Outdoor gathering spaces have surged in popularity in the U.S., especially in the wake of COVID. While the concept of a town square or plaza is hardly new, particularly in Europe – cobbled piazzas have been the heartbeat of Italian towns for centuries – creating dynamic, modern outdoor spaces requires thoughtful design and planning. Proper lighting design can elevate these spaces and make them feel like intimate, open air living rooms, a particularly important goal in the era of social distancing.
“The idea of making outdoor spaces feel more like the indoors was definitely amplified by COVID,” explains Jered Widmer, Principal. “People are looking to connect with one another while social distancing in the fresh air. A lot of developers, owners and cities are rethinking their public spaces and how to make them more impactful. Cities have closed streets and installed planters and outdoor seating. We’re repurposing our outdoor spaces to bring people together in a safe way and allow businesses to thrive.”
Creating a More Flexible Outdoor Space
As Americans gather outside more often, public spaces need lighting that adapts to different occasions and seasons. Stringing festoon lights overhead may be the classic solution to create a warm, twinkling atmosphere, but they don’t provide much flexibility.
“We’re tailoring our lighting solutions to be much more adaptable,” shares Widmer. “No matter the region – whether you’re in the snowy Northeast or sunny Florida – people enjoy being outside in every season. Creating a flexible environment with controllable lighting provides a better solution for seasonal programming of the space. In the summer, you might have outdoor dining or clusters of Adirondack chairs on the lawn, so we’ll use softer light levels to create a more intimate feeling. In the winter, we’re seeing a lot of spaces transform into ice rinks with lots of energy and excitement, which often benefit from more light.”
A Layered Approach
Developing a layered lighting scheme is another key technique to creating an upscale outdoor environment. “Texturing the light helps to elevate the space and make it feel more special, intimate and engaging,” says Widmer. “We’ll use a higher overhead solution to fill the space with a nice, soft glow. Then we’ll layer in some low lighting at a pedestrian level, such as under-bench lighting or uplighting on the trees. We might include some bollards in the landscape to create splashes of light.” This layered approach enhances the landscape architecture and makes the space more attractive and inviting to visitors.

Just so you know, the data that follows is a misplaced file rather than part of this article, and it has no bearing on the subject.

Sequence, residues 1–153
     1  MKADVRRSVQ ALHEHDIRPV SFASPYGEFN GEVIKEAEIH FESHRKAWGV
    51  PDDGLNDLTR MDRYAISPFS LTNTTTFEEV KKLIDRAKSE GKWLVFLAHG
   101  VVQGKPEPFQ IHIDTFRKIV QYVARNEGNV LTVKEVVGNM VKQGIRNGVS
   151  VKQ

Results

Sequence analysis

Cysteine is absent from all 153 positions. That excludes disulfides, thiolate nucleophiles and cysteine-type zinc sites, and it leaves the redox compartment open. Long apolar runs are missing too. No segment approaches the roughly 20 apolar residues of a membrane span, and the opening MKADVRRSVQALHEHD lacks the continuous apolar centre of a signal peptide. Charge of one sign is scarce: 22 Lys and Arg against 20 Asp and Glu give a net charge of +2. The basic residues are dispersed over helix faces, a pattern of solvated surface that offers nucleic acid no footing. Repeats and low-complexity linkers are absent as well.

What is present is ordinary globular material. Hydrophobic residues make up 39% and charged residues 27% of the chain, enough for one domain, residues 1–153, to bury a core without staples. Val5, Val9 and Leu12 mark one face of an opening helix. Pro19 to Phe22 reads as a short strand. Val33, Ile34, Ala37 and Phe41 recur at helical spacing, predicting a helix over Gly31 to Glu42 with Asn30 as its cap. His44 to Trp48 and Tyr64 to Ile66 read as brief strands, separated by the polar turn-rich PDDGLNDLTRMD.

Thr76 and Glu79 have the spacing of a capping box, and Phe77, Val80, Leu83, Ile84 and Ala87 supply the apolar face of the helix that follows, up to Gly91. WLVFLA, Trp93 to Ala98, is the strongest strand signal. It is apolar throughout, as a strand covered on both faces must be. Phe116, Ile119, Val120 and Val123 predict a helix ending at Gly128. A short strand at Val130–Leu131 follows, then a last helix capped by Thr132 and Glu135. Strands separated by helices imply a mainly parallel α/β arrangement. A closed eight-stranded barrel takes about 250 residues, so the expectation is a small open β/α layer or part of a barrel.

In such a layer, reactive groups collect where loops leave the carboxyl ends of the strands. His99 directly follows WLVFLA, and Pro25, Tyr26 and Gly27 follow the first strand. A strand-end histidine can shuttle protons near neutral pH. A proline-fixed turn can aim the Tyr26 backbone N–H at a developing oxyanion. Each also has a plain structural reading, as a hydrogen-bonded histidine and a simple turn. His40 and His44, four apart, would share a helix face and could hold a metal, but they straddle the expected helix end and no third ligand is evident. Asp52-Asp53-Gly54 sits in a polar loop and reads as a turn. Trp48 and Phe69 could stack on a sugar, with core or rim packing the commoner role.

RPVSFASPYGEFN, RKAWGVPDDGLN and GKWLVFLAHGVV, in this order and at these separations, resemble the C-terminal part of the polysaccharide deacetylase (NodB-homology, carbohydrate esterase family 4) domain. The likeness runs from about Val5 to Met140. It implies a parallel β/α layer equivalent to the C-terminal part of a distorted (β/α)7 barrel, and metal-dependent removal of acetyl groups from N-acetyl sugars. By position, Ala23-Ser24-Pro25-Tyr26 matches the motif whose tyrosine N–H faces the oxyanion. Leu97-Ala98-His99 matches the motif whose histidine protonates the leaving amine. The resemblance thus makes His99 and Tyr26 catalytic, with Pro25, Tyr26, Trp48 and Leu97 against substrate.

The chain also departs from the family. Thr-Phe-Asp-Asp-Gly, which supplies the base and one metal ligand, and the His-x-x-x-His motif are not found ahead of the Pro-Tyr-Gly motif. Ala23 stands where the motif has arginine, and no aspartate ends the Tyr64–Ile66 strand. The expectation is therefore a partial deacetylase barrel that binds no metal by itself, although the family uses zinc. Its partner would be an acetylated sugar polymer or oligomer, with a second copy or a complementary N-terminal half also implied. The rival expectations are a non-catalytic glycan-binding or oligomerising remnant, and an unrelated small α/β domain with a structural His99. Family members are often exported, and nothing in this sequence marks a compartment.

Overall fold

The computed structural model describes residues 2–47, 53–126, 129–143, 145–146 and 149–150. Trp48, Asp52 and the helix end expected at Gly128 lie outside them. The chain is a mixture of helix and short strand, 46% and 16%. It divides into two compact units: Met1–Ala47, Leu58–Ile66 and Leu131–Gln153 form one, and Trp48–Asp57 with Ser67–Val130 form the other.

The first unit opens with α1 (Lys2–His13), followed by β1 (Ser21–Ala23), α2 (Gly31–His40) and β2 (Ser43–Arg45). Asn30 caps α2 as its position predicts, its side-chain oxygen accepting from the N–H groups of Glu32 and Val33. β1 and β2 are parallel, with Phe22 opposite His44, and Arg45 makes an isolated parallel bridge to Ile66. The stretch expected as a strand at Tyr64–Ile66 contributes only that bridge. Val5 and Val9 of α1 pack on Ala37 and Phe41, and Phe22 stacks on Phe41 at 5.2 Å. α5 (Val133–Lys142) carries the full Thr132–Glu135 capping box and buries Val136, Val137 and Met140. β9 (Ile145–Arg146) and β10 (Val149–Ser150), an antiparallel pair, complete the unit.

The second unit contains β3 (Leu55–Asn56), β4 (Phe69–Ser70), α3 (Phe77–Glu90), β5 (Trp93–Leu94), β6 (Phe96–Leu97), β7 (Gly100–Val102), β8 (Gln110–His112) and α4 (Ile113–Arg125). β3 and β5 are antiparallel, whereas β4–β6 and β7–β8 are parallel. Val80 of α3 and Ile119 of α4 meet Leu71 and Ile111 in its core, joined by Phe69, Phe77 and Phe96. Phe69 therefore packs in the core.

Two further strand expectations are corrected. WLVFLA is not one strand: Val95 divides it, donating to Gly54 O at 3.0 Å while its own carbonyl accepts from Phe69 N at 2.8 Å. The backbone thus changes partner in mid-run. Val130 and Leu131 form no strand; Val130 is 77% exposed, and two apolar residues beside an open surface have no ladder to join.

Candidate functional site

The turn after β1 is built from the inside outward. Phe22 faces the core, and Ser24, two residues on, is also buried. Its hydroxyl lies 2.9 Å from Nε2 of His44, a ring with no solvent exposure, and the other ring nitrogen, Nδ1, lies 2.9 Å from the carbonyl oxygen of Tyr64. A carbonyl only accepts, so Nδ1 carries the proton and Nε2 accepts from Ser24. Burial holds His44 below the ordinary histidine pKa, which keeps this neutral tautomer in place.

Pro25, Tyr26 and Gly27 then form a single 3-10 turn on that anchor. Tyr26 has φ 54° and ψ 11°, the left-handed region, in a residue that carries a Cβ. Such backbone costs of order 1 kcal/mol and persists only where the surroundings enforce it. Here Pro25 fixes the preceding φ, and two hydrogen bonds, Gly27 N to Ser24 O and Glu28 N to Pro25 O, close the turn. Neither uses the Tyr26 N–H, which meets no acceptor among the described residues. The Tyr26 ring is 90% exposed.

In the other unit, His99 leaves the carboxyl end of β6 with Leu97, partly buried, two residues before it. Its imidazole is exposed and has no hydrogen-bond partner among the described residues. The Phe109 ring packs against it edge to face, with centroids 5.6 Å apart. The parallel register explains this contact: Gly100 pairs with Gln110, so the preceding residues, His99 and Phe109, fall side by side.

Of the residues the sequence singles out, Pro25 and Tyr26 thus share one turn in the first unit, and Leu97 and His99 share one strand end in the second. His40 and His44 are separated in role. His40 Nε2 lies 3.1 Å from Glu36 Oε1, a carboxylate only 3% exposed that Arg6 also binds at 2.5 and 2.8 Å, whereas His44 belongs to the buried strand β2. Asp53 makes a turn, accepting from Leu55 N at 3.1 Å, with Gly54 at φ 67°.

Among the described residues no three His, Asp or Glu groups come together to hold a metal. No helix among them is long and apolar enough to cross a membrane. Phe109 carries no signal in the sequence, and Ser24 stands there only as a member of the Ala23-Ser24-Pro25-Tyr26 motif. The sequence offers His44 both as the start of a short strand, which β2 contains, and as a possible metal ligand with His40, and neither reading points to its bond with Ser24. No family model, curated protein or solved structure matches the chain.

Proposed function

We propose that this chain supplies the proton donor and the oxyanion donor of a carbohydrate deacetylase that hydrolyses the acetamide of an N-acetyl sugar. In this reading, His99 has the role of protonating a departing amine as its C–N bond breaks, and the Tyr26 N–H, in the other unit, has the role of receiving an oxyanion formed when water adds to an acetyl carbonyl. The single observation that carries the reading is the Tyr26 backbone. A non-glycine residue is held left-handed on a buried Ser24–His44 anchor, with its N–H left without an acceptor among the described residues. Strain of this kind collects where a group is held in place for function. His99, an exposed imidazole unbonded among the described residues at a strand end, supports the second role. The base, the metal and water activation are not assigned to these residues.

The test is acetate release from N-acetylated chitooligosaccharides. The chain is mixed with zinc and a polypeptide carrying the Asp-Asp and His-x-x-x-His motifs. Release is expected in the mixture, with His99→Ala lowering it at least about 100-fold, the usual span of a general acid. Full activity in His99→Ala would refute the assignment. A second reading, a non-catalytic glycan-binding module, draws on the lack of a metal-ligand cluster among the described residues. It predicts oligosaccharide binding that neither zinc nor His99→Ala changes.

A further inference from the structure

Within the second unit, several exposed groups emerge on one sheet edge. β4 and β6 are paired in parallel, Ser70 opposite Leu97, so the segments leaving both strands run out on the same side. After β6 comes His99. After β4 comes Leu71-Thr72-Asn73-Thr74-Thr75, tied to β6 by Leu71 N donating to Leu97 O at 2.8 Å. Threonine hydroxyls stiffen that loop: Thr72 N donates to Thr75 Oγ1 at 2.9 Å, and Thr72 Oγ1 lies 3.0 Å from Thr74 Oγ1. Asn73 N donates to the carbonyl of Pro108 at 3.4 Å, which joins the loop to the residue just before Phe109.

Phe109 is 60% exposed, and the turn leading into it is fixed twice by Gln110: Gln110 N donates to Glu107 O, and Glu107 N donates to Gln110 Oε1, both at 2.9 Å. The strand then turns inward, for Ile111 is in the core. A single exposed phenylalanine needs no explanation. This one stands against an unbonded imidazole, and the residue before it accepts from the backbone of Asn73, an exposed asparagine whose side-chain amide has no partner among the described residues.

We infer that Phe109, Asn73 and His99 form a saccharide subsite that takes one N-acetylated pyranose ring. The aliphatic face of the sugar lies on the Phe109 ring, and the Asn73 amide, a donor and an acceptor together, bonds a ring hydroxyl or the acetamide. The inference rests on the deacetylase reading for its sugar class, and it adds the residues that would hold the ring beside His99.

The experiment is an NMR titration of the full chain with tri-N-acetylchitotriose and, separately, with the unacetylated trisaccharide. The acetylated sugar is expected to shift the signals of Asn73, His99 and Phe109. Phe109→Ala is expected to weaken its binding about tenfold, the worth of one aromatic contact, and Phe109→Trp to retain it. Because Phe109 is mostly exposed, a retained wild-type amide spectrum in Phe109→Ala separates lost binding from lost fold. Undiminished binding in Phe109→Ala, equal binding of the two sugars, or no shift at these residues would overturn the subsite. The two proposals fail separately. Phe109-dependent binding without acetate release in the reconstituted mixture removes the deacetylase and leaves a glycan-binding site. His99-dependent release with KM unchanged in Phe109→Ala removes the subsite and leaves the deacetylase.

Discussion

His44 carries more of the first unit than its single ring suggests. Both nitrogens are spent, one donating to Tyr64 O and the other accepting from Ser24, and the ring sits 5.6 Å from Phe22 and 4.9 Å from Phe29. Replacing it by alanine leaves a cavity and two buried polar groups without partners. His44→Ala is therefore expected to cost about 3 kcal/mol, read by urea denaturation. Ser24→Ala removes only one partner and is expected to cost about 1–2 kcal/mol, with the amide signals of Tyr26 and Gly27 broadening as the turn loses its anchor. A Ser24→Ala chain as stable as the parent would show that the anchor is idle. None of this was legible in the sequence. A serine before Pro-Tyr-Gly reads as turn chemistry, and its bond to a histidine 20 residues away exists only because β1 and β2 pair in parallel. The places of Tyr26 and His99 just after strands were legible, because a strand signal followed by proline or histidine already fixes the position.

Adding Excitement with Color-Changing Lights
The integration of color-changing light can help create a more impactful outdoor environment, as well. Washes of color can bring excitement to gathering areas and should be considered in a thoughtful way. Colored light at performance stages, playgrounds, and water features can create more dynamic spaces and adding a simple interface can also allow hired performers to control their own light show. “The animation and dazzle of colored lights elevate the excitement and help draw crowds,” shares Widmer.
A Wave of New Options
Traditionally, options for outdoor fixtures were more limited and mainly focused on hardscape and landscape lighting such a bollards, steplights, festoon strings, and pedestrian poles. Today, many manufacturers are taking their cue from Europeans and producing more interesting options.
“Lighting manufacturers are now offering a wider range of decorative luminaires to create more engaging spaces. From catenary lanterns that can be strung between buildings and poles, to floor and table lamps that can be woven into the seating and landscape design – we’re able to create unique and intimate feeling places that draw people to gather.”
A Thoughtful Process
Finally, another key element to impactful outdoor lighting involves close coordination with the architect or landscape designer.
“It’s important for a lighting designer to understand the textures and materials that the landscape architect has planned for the space, so that we can weave the lighting into their design,” explains Widmer. “We need to understand the types of plantings – the size of the plants, and whether they’re annuals or perennials. We need to know the hardscape – whether it’s textured concrete or a wood plank walkway, so that we can integrate the lighting appropriately.”
“Sometimes it’s about the light being seen, not the light source. Camouflaging the light fixtures into the landscape can be challenging, but when it’s done right, and you just see the glow, it feels a lot more magical.”